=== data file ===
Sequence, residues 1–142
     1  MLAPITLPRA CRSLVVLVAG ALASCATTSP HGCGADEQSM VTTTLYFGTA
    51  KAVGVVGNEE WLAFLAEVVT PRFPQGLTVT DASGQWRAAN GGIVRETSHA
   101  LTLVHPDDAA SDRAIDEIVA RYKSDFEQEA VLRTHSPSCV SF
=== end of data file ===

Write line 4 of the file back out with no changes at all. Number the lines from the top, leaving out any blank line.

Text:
   101  LTLVHPDDAA SDRAIDEIVA RYKSDFEQEA VLRTHSPSCV SF